Based on data culled from Multiple Listing Service sales, CoreLogic says its home price index for March, the latest period available, jumped 10.5% from March 2012, the company announced today.
This marks the biggest year-over-year increase since March 2006 and is the 13th consecutive monthly increase in home prices nationally, even when including distressed sales. On a month-over-month basis, home prices increased 2.4% compared to February 2013 when distressed sales are excluded. A distressed sale includes short sales and real estate owned transactions.
According to CoreLogic's analysis of pending sales prices, the market analyst suggests the strong recovery in pricing will continue with April's results pointing to a 9.6% increase from last year and up 1.3% sequentially.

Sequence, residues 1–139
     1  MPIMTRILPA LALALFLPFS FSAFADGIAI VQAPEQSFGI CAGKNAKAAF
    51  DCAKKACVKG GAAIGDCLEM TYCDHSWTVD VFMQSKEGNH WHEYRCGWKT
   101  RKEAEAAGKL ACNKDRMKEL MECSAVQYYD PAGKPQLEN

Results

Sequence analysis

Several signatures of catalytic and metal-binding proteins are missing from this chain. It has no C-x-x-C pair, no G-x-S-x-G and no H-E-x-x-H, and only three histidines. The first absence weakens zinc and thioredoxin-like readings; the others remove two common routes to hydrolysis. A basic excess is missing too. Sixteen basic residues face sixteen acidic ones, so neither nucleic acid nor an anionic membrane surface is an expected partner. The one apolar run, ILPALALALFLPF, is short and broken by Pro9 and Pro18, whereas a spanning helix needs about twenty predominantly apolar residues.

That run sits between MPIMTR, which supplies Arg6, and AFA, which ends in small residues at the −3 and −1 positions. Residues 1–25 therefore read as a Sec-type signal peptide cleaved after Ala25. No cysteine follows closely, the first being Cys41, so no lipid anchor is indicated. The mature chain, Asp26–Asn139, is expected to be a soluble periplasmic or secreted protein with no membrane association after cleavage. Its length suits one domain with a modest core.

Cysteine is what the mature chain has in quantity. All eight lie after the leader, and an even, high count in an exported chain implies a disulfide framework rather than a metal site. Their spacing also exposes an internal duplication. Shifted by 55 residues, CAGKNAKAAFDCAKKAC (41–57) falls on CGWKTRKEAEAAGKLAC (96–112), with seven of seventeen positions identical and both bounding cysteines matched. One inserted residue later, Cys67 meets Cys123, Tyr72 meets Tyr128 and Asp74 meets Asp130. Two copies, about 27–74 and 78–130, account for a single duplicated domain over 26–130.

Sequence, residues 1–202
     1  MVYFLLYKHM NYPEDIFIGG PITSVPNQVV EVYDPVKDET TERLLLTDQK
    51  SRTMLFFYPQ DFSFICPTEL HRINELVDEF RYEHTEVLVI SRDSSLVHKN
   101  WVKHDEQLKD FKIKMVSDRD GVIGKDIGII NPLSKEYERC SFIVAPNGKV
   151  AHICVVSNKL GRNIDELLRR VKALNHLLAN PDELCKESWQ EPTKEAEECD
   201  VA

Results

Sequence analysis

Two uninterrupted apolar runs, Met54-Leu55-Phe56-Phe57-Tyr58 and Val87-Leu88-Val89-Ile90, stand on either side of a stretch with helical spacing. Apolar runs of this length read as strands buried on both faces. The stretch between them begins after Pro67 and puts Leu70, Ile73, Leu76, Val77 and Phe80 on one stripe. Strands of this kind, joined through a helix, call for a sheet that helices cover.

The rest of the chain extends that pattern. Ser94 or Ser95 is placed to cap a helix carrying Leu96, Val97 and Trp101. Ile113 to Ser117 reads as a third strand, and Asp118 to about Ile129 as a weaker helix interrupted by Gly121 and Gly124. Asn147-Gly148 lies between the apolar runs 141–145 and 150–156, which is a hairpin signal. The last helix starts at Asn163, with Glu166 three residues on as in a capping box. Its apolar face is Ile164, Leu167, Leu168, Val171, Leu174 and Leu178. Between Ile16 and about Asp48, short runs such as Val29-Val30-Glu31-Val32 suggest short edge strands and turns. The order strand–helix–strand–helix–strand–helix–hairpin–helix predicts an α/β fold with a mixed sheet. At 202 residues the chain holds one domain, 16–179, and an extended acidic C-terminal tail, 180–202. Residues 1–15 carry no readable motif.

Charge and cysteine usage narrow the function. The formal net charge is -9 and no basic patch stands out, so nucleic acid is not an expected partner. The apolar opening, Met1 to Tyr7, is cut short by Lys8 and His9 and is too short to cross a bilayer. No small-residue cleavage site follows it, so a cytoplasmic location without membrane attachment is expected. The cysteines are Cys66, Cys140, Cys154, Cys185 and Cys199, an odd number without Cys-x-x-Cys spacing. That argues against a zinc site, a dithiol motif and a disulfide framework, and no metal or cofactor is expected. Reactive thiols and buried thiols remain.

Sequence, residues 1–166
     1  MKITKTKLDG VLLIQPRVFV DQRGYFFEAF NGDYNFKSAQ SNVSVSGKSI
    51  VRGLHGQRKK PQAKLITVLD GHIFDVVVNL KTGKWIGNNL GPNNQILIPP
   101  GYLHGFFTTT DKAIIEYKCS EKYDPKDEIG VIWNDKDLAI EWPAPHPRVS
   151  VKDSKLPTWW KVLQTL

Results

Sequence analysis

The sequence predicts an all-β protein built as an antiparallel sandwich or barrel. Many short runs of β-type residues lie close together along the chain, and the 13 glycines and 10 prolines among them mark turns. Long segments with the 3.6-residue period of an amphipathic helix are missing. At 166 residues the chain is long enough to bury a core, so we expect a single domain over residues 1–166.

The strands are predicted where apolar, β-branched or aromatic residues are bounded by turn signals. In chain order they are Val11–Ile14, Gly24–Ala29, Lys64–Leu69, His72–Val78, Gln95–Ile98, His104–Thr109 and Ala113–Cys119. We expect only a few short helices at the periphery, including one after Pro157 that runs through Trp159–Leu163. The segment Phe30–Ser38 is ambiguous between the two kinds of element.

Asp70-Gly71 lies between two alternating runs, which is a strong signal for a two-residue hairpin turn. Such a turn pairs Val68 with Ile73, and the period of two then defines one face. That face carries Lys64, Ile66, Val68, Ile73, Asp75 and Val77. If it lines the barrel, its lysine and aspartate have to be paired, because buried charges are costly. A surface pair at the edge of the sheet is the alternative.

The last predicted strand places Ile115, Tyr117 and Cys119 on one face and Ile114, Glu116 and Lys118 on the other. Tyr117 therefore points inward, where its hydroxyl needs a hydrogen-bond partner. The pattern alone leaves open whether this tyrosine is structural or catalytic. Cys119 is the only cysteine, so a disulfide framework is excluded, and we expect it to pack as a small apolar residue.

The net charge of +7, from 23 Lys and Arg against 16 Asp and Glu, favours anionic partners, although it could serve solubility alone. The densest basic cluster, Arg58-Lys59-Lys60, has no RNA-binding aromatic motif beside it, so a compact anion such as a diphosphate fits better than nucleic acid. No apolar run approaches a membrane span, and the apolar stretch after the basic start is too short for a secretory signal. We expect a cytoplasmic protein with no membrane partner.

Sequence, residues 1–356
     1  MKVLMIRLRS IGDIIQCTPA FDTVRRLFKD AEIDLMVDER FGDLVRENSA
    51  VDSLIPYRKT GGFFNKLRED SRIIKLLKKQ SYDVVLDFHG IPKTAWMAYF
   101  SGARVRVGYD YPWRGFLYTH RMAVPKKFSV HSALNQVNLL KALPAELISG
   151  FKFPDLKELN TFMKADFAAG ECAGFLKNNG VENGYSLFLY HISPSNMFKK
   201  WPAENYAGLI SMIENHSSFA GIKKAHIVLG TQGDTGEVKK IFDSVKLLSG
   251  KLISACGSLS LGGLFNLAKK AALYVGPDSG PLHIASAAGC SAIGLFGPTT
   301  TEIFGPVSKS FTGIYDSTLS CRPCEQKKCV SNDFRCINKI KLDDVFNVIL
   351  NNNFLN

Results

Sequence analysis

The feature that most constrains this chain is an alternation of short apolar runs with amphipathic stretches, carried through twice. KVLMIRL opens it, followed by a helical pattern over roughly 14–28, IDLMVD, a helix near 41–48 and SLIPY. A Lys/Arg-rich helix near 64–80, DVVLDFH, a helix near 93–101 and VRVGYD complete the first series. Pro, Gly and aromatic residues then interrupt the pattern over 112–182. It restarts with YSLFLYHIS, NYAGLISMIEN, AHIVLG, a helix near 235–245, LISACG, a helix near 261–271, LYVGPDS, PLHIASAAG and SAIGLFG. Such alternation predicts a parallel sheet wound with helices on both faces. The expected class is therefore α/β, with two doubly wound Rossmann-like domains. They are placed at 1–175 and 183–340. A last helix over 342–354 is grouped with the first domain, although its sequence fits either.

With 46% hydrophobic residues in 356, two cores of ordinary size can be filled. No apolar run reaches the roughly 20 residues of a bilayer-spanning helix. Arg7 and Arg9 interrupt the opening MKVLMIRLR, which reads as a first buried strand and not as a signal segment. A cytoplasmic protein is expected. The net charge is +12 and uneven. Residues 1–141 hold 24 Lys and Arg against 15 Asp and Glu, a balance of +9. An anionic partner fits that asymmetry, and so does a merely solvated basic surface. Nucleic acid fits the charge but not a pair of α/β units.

CoreLogic Chief Economist Mark Fleming was quoted as saying: "For the first time since March 2006, both the overall index and the index that excludes distressed sales are above 10 percent year over year. The pace of appreciation has been accelerating throughout 2012 and so far in 2013 leading into the home buying season."
The gains have come as a result of a strong recovery in Western states, with Nevada leading the way higher with a 22.2% gain, followed by California at 17.2%, and Arizona at 16.8%. Those were partially offset by more than 3% declines in Delaware and Alabama, but only four states registered such drops in value.
Despite the recovery, home prices in Nevada remain 49% below their peak while Florida is down almost 43%.
The article CoreLogic: U.S. Home Prices Soared 10.5% in March originally appeared on Fool.com.
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